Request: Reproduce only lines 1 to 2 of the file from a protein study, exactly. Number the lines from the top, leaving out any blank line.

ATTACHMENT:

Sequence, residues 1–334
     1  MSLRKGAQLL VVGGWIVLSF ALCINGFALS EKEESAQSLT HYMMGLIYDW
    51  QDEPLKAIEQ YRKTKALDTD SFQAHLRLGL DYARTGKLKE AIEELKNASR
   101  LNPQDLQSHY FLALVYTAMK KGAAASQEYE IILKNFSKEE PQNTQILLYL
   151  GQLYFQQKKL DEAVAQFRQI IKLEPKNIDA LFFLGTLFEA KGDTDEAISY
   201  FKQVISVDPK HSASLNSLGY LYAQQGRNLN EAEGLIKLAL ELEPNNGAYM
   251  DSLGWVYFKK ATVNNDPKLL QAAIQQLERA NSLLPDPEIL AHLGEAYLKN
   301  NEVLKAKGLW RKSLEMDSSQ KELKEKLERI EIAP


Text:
Sequence, residues 1–334
     1  MSLRKGAQLL VVGGWIVLSF ALCINGFALS EKEESAQSLT HYMMGLIYDW